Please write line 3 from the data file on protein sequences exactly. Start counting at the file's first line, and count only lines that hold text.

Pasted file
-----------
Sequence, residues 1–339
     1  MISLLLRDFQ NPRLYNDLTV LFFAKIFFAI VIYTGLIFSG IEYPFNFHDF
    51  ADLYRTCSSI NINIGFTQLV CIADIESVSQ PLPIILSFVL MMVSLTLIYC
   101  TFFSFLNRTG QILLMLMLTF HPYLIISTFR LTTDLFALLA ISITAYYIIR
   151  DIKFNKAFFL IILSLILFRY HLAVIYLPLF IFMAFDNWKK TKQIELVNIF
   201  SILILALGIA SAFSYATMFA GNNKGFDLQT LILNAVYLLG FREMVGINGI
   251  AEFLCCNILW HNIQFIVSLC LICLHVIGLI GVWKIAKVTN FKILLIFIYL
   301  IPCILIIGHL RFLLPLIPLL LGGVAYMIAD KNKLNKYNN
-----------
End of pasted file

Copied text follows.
    51  ADLYRTCSSI NINIGFTQLV CIADIESVSQ PLPIILSFVL MMVSLTLIYC